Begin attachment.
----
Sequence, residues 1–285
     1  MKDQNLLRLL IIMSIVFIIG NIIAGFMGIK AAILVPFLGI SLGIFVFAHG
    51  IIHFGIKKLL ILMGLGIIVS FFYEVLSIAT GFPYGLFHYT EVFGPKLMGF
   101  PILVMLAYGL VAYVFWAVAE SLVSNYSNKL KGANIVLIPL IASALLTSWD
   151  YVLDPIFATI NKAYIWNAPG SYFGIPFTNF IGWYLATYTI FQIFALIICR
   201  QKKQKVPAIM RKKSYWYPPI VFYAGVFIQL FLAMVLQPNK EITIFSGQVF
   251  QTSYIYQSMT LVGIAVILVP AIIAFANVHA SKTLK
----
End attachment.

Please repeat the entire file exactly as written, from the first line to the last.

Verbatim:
Sequence, residues 1–285
     1  MKDQNLLRLL IIMSIVFIIG NIIAGFMGIK AAILVPFLGI SLGIFVFAHG
    51  IIHFGIKKLL ILMGLGIIVS FFYEVLSIAT GFPYGLFHYT EVFGPKLMGF
   101  PILVMLAYGL VAYVFWAVAE SLVSNYSNKL KGANIVLIPL IASALLTSWD
   151  YVLDPIFATI NKAYIWNAPG SYFGIPFTNF IGWYLATYTI FQIFALIICR
   201  QKKQKVPAIM RKKSYWYPPI VFYAGVFIQL FLAMVLQPNK EITIFSGQVF
   251  QTSYIYQSMT LVGIAVILVP AIIAFANVHA SKTLK